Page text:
This tutorial shows you how to work with the Accessibility features in Acrobat 9. See what the all-new Acrobat DC can do for you.
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All federal government web content—including PDF files—has been accessible to persons with disabilities, such as vision and mobility impairments, for numerous years. Many organizations and businesses have followed suit. Acrobat 9 offers features for creating accessible content and evaluating existing PDF content for accessibility.
Acrobat 9 includes a number of tools for evaluating the accessibility status of existing content, making content accessible and optimizing accessible PDF files (Figure 1).
Figure 1: Acrobat 9 includes multiple tools for managing accessibility.
Rather than describing the basic processes for applying or evaluating accessibility, I’ll look at other considerations and features involved in making accessible content, such as working with tags, tables and forms.
Tags allow Acrobat to manipulate the document and its contents in a variety of ways. Tags are a part of the document’s metadata and define relationships among elements, such as text, images, lists and tables.
Note: A tagged document isn’t the same as one containing a structure, such as this article. I’ve used a hierarchy of headings to define a flow for the pages, which isn’t as complete as a tagged file.
Tags may be applied in some source programs, such as InDesign or Word (using a PDFMaker), or in Acrobat using the Advanced > Accessibility > Add Tags to Document command. In Acrobat, view the tag hierarchy in the Tags panel.
Regardless of the source of a document’s tags, you may not have the clear, simple tagging structure you see in Figure 2. In this example, you see the Table of Contents items tagged in a tree structure. Each item includes a label, title, and a linked page, wrapped in a Table of Contents Item (TOCI) tag.
Figure 2: Tags define the Table of Contents elements.
Simply tagging a document doesn’t produce a finished product, although the tags may be technically accurate. If you’re comfortable using tags, select the tag in the tag tree, click it again to activate the text, and type your replacement tag.
The Tags panel’s menu contains a variety of commands to configure or modify the tag tree. Figure 3 shows several tags from a file converted to PDF from a source Word document.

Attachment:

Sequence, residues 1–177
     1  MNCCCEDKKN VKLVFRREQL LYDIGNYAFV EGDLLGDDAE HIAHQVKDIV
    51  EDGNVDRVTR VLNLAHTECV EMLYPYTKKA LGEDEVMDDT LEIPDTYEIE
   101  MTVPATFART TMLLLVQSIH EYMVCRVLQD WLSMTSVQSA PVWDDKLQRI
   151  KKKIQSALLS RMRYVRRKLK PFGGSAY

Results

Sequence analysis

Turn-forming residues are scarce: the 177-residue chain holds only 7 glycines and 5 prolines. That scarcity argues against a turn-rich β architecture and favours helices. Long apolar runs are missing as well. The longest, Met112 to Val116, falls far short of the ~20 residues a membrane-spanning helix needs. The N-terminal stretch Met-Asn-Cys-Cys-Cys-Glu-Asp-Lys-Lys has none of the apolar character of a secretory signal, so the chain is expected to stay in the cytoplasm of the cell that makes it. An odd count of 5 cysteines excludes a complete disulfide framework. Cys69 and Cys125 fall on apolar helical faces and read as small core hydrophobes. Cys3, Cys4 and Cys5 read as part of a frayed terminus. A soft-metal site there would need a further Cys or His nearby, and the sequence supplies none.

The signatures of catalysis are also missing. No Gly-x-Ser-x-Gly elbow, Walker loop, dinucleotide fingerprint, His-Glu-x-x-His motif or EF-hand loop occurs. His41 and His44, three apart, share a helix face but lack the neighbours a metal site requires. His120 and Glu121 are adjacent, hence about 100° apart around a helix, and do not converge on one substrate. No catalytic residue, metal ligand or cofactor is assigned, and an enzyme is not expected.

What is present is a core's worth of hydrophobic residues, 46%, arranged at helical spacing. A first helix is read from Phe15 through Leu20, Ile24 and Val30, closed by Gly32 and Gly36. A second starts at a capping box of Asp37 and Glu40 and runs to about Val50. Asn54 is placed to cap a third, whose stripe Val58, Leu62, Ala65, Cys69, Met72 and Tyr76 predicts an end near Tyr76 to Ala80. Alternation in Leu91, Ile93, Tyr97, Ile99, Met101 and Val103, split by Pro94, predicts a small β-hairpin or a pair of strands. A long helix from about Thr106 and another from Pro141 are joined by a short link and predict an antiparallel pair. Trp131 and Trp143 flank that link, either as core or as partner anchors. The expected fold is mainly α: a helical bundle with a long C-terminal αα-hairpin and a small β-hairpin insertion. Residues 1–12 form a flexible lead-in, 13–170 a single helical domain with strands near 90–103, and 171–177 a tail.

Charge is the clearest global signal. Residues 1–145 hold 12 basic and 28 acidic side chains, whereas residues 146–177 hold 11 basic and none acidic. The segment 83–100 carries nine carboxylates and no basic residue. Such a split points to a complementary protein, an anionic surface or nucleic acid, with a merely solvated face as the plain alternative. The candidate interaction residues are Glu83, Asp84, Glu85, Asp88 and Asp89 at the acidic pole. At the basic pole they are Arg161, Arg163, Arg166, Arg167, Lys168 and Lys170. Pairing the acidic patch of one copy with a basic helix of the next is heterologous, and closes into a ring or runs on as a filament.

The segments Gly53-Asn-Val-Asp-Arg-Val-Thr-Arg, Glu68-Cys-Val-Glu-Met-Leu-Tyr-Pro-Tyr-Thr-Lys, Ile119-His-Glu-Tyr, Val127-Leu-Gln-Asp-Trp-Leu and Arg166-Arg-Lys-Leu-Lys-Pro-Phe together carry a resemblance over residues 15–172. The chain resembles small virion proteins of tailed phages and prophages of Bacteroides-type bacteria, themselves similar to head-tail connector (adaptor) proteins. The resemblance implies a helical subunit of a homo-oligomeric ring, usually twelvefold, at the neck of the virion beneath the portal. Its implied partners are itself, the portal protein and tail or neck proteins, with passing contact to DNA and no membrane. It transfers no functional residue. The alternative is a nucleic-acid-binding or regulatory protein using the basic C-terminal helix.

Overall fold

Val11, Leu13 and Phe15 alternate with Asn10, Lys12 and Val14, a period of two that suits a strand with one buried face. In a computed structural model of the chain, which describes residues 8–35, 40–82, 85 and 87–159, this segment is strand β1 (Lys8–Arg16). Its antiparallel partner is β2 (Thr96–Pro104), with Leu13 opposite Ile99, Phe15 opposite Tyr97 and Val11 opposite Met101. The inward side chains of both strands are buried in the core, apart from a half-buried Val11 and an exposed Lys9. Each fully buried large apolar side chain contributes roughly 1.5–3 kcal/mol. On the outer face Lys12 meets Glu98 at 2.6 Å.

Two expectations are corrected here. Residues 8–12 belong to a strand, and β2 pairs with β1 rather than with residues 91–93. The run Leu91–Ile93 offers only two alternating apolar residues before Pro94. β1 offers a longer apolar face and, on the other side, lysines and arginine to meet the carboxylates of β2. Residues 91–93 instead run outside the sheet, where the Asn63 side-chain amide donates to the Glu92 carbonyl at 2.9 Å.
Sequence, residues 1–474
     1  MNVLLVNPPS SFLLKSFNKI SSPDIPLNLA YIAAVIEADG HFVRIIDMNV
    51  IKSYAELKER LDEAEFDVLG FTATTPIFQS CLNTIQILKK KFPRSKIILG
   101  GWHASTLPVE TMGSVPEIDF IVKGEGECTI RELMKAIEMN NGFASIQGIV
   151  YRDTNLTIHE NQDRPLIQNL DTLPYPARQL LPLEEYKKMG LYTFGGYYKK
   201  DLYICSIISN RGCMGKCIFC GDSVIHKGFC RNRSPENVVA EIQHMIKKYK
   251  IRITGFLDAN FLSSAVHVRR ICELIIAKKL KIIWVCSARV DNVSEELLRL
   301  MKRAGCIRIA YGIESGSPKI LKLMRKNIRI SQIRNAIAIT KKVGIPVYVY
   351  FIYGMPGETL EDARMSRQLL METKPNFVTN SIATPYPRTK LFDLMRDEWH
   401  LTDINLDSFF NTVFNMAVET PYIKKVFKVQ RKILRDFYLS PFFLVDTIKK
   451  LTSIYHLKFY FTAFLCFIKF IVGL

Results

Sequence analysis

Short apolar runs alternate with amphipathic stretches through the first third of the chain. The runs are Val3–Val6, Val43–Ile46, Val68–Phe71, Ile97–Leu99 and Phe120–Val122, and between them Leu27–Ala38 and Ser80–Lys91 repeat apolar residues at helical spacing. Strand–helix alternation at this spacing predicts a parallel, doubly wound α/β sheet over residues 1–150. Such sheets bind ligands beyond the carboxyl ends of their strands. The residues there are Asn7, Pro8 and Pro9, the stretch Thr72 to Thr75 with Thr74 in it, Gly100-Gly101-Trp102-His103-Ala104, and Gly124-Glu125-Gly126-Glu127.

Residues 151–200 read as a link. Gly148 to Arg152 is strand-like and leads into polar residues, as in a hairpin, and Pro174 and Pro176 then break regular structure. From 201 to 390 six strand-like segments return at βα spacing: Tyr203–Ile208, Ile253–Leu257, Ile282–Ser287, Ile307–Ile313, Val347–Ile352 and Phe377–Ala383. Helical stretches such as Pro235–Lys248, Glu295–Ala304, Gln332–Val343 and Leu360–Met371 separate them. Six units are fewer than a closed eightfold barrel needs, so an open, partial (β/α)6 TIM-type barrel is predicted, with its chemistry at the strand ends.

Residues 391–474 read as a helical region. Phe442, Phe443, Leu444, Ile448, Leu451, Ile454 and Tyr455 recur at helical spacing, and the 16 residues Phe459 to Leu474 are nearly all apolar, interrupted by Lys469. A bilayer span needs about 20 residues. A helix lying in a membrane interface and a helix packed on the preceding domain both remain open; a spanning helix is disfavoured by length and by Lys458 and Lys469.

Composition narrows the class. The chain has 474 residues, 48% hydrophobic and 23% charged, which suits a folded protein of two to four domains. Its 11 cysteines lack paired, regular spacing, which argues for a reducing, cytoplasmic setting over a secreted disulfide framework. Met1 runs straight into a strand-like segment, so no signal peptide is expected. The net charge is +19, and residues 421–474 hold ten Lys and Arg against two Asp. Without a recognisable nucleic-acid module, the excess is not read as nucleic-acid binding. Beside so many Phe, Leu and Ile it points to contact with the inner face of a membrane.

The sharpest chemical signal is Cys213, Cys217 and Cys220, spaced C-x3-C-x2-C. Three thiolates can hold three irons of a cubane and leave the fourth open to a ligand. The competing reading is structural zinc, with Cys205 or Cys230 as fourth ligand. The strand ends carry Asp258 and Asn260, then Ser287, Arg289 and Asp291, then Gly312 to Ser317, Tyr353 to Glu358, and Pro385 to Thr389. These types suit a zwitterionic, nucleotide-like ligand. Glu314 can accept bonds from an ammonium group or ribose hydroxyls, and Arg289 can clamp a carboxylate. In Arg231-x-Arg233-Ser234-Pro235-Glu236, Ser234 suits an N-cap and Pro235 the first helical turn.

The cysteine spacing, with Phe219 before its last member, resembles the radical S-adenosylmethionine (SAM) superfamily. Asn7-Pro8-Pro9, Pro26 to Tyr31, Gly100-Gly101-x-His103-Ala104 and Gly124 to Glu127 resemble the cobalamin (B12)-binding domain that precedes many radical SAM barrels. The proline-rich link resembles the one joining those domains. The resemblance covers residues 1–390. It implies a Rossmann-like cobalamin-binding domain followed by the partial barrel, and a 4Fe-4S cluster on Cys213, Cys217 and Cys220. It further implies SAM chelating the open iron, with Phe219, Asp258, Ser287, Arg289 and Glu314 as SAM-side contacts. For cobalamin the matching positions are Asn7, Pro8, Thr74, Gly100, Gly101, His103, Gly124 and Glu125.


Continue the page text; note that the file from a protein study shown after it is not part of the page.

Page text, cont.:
Figure 3: Evaluate the page for tagging issues.
Looking at the tags, you’ll see that:
Select the tag in the Tags panel, and use the keyboard or commands from either the Options menu or the shortcut menu to modify the tags for accessible use. In the finished product, although the spacing remains on the page, a screen reader wouldn’t read the blank heading or paragraph.
Note: The paragraphs use the style imported from the source Word document’s style. Acrobat uses the class, attributes and document role associated with a paragraph, as you can see by opening the Class Map and Role Maps, available via the Options menu commands.
Reorder tags or remove them altogether in the Tags panel. In the next example, the source file’s headings used numbering, converted to a set of list tags (Figure 4).
Figure 4: Correct tags in the panel.
In the example shown in Figure 4, the parent tag, Chapter 1, includes the tag as a child. Click and drag a tag’s label in the panel to modify the hierarchy as desired (Figure 5). You’ll see a horizontal line indicating the location for the tag, and can reorder the tag and promote or demote its dependency. Once you’ve got the tags reordered, you can delete the superfluous list tags.
Figure 5: Reorder and delete tags as necessary.
Tip: If you want to keep the content visible, but not captured by a screen reader, change it to an artifact. Select the content in the tag tree, and choose Change Tag to Artifact from the shortcut or Options menu.
How many times have you tried to evaluate data in a multi-page table without the benefit of column headers? Or found yourself scrolling continuously to identify the meaning of a cell’s contents? Contrast that with a simple table presented on a page with clearly defined elements, such as Table 1.
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